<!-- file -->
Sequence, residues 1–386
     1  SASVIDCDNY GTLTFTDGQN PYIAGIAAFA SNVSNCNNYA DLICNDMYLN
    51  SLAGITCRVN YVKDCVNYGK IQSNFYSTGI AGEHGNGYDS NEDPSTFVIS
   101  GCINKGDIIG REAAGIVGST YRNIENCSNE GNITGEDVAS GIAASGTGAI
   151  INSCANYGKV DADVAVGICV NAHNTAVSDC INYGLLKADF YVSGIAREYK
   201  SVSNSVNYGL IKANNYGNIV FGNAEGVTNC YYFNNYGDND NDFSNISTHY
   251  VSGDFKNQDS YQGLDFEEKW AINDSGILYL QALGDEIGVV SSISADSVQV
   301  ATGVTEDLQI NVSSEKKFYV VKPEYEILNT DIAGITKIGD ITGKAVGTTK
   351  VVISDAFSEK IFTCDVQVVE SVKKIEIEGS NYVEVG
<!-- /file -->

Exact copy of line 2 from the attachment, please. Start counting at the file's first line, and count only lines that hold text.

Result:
     1  SASVIDCDNY GTLTFTDGQN PYIAGIAAFA SNVSNCNNYA DLICNDMYLN